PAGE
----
Updated 11 September 2018
Tauranga has a rich history of pre-European Maori occupation and as a result there are numerous areas of significance to local iwi and hapu throughout the City. Under section 6(e) and (f) of the Resource Management Act 1991 the Council is required to recognise and provide for the protection and cultural relationships of these areas.The Council acknowledge that it is only appropriate for Maori to identify their relationship and that of their culture and traditions with their ancestral lands, water, areas, waahi tapu and other taonga; and the extent of the values associated with these areas.
The Plan identifies a number of areas that are culturally significant to Tangata Whenua as Significant Maori Areas. Significant Maori Areas are only included where the features of those areas remain and where subdivision, use and development of the Significant Maori Areas could compromise the cultural values and relationships within those Significant Maori Areas. The General Heritage and Maori Heritage Provisions provide guidance on the management of identified areas and include criteria for additional Significant Maori Areas to be identified in the Plan in the future.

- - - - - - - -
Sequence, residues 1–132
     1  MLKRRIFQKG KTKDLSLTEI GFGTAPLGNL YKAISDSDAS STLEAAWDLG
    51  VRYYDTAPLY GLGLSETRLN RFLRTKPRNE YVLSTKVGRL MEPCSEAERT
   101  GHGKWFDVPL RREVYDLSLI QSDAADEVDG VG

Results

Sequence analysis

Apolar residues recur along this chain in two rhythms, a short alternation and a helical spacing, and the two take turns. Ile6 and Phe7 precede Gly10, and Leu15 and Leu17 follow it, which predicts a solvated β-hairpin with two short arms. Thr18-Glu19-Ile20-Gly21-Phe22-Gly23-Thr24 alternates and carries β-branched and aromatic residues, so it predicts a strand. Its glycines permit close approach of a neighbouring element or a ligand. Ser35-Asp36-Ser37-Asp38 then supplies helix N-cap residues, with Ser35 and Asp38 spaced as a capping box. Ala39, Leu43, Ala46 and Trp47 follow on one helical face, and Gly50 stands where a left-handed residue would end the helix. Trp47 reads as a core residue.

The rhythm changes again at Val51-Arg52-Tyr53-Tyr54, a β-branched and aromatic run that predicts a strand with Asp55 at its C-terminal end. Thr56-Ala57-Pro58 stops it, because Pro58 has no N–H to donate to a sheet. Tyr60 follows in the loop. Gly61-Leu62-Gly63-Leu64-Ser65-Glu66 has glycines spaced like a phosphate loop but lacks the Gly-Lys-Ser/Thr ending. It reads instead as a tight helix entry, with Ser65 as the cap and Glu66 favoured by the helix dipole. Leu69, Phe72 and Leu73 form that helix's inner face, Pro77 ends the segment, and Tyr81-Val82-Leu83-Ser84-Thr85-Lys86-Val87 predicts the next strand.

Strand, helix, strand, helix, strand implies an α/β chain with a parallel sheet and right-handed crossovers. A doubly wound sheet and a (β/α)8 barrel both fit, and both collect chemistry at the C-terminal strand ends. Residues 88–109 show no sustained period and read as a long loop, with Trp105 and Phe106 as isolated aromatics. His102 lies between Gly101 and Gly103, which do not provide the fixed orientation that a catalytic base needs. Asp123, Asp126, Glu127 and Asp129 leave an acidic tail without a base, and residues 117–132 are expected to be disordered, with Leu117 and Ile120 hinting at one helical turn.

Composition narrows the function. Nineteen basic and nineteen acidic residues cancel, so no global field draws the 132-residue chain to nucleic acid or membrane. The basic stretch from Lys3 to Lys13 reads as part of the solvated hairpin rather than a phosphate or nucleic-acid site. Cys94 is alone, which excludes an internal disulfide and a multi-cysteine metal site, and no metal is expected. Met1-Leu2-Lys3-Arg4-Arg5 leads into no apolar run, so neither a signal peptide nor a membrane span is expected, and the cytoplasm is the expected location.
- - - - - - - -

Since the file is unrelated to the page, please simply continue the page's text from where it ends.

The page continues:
Significant Maori Areas that have been identified as warranting protection under the Plan have been classified into three groups:
Definitions in this section
significant maori area